After the official preannouncement of the new Sigma 18-35mm f/1.8 DC HSM lens, the first unofficial image samples have already started to appear on the web.
Aimed at cropped sensor cameras (the DC acronym in the name stands for Digital Crop), the new Sigma lens is the first one to exhibit f/1.8 constant aperture in a zoom lens. You can already check some sample images taken with the Sigma zoom lens, mounted on a Canon EOS 600D body, in one preview from lcap.tistory.com .
Vignetting, distortion, light fall-off and sharpness samples
For testing purposes, the same Korean website shows the amount of vignetting when mounting the Sigma lens on Canon 5D Mark II full-frame DSLR. Of course, a dedicated version of the Sigma lens will be available for Nikon (DX) DSLRs too.
Distortion and light fall-off images are also presented, but the ones that reflect the level of sharpness at f/1.8 aperture throughout the focal range are of particular interest. The details seem satisfying enough (for this opening), but we really don’t know the amount of sharpening applied (if any) in post-processing of those samples. Nevertheless, Sigma has shown some strong results regarding sharpness in its latest lens iterations.
Another member of Sigma Art lens category
Back in autumn 2012, Sigma announced a reorganization of its lens lineup, dividing all future lenses in only three categories: Contemporary, Art and Sports. Sigma Art lenses were defined as follows:
“These lenses are developed with an emphasis on artistic touch and are designed to meet the expectations of users who value a creative, dramatic outcome. Along with landscapes, portraits, still-life, close-up and casual snaps, these lenses are perfect for the kind of photography that unleashes the inner artist”.
The spectacular Sigma 35mm F1.4 DG HSM (reviews: here, here and here) was the first lens from the Japanese manufacturer’s new Art category. It can be found at Amazon for $899. The price of the newly introduced Sigma 18-35mm constant aperture zoom lens – included in the same Art category – is still unknown at the moment, but, looking at the spec sheet, it won’t come cheap.
Why so much interest surrounds this lens
Although the focal range is a little bit limited – Sigma 18-35 mm f1/.8 has an angle of view equivalent to a full-frame lens of 27-52.5 mm – it is the first zoom lens for cropped DSLRs that can obtain the same depth of field (DOF) as a full-frame zoom lens @ f/2.8 mounted on a full-frame camera. So, with a cropped DSLR from Canon or Nikon, paired with this lens, you could obtain the same shallow depth of field as a 24-70mm @ f/2.8 midrange zoom lens mounted on a full-frame camera (sure, Sigma has shorter “equivalent” focal range at both sides, but nevertheless this is an accomplishment).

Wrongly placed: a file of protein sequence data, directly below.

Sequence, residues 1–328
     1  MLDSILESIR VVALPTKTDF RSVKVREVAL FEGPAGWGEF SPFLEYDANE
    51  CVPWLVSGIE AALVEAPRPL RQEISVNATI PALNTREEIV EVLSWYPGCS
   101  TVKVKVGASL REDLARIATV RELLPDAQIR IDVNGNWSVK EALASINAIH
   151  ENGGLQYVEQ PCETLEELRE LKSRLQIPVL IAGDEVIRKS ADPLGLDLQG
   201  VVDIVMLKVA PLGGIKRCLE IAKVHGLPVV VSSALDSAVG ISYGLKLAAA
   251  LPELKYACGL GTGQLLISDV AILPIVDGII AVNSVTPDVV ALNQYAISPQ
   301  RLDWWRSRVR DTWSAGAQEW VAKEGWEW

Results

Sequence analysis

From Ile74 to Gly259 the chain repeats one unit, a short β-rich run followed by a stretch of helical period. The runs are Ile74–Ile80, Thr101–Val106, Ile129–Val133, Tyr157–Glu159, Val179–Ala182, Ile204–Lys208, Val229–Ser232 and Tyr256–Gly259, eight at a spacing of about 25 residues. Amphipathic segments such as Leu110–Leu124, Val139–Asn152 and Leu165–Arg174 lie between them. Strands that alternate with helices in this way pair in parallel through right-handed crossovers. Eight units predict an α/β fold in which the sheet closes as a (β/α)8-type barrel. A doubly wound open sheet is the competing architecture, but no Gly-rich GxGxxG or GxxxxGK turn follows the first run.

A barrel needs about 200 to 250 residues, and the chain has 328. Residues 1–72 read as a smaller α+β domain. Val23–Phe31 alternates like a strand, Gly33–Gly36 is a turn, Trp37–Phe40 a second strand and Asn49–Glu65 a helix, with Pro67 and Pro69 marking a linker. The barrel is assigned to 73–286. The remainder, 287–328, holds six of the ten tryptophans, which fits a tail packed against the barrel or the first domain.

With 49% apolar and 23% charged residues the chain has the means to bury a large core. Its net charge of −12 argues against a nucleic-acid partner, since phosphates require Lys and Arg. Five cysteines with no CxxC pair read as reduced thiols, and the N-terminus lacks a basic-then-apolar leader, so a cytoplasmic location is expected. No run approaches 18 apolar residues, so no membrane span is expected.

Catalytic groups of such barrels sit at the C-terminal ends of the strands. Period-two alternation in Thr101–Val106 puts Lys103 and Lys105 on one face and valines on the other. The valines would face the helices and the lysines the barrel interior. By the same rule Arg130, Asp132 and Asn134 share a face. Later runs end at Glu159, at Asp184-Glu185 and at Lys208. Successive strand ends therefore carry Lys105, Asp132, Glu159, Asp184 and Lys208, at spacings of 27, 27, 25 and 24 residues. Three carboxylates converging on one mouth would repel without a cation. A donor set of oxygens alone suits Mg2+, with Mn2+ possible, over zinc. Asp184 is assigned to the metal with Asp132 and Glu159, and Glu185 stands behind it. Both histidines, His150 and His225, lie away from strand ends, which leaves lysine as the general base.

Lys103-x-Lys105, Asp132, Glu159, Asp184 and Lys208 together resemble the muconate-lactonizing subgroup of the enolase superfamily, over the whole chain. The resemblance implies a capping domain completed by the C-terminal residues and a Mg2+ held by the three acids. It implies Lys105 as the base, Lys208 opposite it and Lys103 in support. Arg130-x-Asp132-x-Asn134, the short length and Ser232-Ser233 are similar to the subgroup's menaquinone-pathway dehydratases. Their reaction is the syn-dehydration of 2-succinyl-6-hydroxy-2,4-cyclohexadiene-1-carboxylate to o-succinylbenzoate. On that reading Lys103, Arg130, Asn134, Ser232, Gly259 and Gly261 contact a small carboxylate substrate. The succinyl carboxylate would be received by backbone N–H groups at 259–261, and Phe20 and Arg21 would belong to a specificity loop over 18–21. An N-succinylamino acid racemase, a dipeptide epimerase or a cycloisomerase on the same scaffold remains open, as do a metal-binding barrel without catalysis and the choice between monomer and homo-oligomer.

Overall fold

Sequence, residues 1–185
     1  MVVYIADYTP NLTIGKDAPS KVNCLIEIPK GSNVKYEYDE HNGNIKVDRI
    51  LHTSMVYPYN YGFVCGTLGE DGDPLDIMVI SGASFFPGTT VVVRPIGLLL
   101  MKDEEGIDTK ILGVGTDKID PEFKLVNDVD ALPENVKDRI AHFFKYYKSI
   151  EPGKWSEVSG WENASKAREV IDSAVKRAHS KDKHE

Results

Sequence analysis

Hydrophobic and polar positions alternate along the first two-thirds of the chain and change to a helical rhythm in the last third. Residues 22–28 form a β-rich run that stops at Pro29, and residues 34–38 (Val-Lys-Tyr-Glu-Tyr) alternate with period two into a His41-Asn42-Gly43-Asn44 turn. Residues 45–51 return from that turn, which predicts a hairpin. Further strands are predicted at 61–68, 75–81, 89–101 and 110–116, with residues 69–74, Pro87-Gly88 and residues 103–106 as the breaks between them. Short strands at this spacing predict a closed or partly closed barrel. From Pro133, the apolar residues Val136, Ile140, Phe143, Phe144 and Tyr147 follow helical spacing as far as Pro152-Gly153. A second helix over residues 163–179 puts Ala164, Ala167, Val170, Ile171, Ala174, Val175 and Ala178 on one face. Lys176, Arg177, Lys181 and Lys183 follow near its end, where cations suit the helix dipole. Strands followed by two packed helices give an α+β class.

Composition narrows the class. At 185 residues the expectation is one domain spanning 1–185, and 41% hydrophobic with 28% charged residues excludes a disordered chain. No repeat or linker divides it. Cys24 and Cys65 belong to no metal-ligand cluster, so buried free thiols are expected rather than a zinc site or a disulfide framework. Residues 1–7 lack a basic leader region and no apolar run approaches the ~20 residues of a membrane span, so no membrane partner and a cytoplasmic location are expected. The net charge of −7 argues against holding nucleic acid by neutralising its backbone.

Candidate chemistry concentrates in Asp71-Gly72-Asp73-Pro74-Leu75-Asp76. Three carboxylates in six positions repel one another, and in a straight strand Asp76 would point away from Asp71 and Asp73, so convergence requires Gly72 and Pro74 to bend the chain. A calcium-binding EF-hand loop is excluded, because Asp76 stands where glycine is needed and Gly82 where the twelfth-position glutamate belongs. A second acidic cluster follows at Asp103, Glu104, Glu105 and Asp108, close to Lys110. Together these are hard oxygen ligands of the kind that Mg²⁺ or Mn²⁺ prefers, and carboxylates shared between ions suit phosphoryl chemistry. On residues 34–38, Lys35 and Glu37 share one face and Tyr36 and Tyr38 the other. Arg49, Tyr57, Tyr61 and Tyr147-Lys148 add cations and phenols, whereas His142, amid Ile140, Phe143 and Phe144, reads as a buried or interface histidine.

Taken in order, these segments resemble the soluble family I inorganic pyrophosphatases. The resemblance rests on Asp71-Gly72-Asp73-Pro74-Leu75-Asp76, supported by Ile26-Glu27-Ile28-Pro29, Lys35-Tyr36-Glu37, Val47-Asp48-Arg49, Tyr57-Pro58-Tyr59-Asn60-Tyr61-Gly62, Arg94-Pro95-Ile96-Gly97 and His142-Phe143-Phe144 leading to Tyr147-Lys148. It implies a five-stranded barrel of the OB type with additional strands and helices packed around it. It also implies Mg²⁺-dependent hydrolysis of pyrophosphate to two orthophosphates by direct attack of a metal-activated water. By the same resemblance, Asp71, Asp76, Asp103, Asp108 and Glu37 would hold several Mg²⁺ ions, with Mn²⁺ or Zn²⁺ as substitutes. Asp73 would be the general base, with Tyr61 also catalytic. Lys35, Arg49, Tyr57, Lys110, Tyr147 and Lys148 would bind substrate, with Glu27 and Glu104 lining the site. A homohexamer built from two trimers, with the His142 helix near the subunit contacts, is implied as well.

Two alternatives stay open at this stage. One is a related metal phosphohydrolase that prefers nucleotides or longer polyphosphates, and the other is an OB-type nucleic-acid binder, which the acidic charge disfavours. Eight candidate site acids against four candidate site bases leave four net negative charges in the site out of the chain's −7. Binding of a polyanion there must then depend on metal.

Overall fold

Here are the specifications for Sigma 18-35 mm f/1.8 DC HSM lens:
|Lens Construction||13 elements in 11 groups|
|Filter size||φ 67 mm|
|Angle of view (35mm equivalent)||63.4°|
|Minimum focusing distance||30cm / 11.8in|
|Dimensions (Diameter x Length)||φ 77 mm x 94.0 mm / 3.0 in x 3.7 in|
|Number of diaphragm blades||9 (Rounded diaphragm)|
|Maximum magnification ratio||1：5.2|
Unexplored niches speculated by third party lens manufacturers
The quality of third party lenses has improved in the last few years. Moreover, manufacturers like Sigma, Tamron and Tokina are now exploring not only the market of inexpensive lenses, but also lucrative niche markets not yet considered by first party manufacturers like Canon, Nikon or Sony. Last year, Tamron was the first manufacturer to launch a fast constant-aperture full-frame midrange zoom lens with vibration reduction technology (Tamron SP 24-70mm Di VC USD, available on Amazon for $1299). Now, Sigma is the first lens maker to come up with an f/1.8 constant aperture zoom lens for cropped DSLRs.
It seems that those third party Japanese manufacturers are more eager to innovate in order to gain market share. Time will tell if their tactic will pay off in the long run.